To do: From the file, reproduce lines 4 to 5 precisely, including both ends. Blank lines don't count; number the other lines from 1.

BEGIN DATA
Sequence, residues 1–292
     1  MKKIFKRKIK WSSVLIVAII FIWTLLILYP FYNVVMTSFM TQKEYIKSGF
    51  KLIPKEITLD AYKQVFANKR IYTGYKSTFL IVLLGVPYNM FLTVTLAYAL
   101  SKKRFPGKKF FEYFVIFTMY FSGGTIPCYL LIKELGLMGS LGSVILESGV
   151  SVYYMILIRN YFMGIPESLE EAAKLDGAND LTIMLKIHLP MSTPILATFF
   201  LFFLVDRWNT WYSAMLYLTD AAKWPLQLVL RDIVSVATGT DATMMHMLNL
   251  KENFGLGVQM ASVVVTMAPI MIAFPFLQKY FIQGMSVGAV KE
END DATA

   101  SKKRFPGKKF FEYFVIFTMY FSGGTIPCYL LIKELGLMGS LGSVILESGV
   151  SVYYMILIRN YFMGIPESLE EAAKLDGAND LTIMLKIHLP MSTPILATFF